“Parents and students are realizing the gross deficiencies and have stopped coming to Karnataka,” says Gurumurthy, who is currently pro-chancellor at Sri Devaraj Urs Medical College in Kolar, a southern district of Karnataka once known for its gold mines.
The closure of New Royal College of Nursing has hassled students, who are now finding themselves in a transfer shuffle.
It started a few months ago when the parents and students filed a case against New Royal management in the Karnataka high court, alleging cheating. The four-year-old college is not recognized by INC, an autonomous body under the Union ministry of health and family welfare that monitors nursing education in the country.
In July, the court ordered all 60-odd nursing students to be transferred to other INC-recognized colleges in Bangalore. And New Royal decided to roll down its shutters.
Students there have been asked to move to INC-recognized Goldfinch College and School of Nursing in north Bangalore and Spurthy College of Nursing in rural Bangalore.
“I’m fed up and I don’t want anything more than to just pass out and escape from here,” says a distraught 21-year-old final-year nursing student of New Royal College, who is busy with the admission formalities at Goldfinch now.
As is another 21-year-old woman, who has joined Goldfinch College.
“We have been staying in Bangalore for the past 26 days trying to sort out this issue. Our children’s futures are at stake here,” said her harried father, who came here from Idukki in Kerala.
The nursing students interviewed and their families requested anonymity because they did not want to jeopardize their future, or chances of gaining admission elsewhere.
“I do not blame the students for taking us to court,” says S.M. Venkatpathi, chairman of MG Charitable Trust, which runs the East Point Group of nine educational institutions, including New Royal, in a 75-acre campus in Bidarahalli in rural Bangalore, some 20km from the city.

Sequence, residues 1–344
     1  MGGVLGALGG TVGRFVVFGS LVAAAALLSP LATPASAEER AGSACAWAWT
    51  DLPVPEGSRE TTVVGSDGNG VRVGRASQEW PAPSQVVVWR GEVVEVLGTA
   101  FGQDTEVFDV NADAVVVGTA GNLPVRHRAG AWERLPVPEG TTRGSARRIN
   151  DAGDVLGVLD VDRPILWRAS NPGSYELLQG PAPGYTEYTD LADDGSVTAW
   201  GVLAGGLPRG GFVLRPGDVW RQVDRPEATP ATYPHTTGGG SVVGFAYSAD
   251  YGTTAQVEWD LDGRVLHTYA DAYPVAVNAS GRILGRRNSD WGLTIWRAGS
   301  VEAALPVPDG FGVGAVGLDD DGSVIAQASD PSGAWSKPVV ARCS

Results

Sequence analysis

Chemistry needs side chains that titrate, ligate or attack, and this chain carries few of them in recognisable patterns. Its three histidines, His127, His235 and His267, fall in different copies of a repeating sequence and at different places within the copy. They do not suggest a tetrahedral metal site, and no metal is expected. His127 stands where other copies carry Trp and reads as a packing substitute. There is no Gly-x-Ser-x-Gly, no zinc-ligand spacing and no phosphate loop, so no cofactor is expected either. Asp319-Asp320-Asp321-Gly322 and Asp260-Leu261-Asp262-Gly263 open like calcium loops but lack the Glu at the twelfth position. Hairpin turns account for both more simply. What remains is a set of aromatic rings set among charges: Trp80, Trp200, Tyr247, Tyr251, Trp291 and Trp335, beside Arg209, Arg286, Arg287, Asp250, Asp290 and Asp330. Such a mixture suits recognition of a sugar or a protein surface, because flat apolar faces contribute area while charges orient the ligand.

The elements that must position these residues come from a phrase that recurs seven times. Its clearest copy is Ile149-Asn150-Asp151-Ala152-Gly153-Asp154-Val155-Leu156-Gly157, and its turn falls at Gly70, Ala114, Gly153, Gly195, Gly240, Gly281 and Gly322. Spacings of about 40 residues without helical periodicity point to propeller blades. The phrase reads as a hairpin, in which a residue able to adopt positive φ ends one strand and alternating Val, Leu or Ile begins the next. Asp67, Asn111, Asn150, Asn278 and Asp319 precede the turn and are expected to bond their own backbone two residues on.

“Last fours years we have been trying for INC approval, but it has cited some silly reasons,” says Sunder Raj Francis, secretary of the MG Charitable Trust.
They are hardly silly, according to INC president T. Dileep Kumar. “We have listed six deficiencies, one of which was inadequate access to clinical facilities. If an institution is closing down, it means that it does not have the minimum requirements,” he said.
New Royal, for example, does not have a hospital of its own for teaching its nursing students. As per INC norms, a nursing college is supposed to build its own hospital within three years.
To clear the glut, RGUHS plans to close several private nursing colleges. “Some 20% of the 334 nursing colleges in the state will be disaffiliated ahead of the next academic year (2009-10),” said a syndicate member of the university, who did not wish to be identified as he is not authorized to speak to the media.
The syndicate of RGUHS is a 17-member executive body that governs the functioning of the university.
While the grounds for disaffiliation are yet to be worked out, “colleges which are yet to start even after getting the go-ahead two years back and colleges that have a large proportion of vacant seats are likely to be disaffiliated”, the syndicate member said.
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First Published: Fri, Sep 05 2008. 05 21 AM IST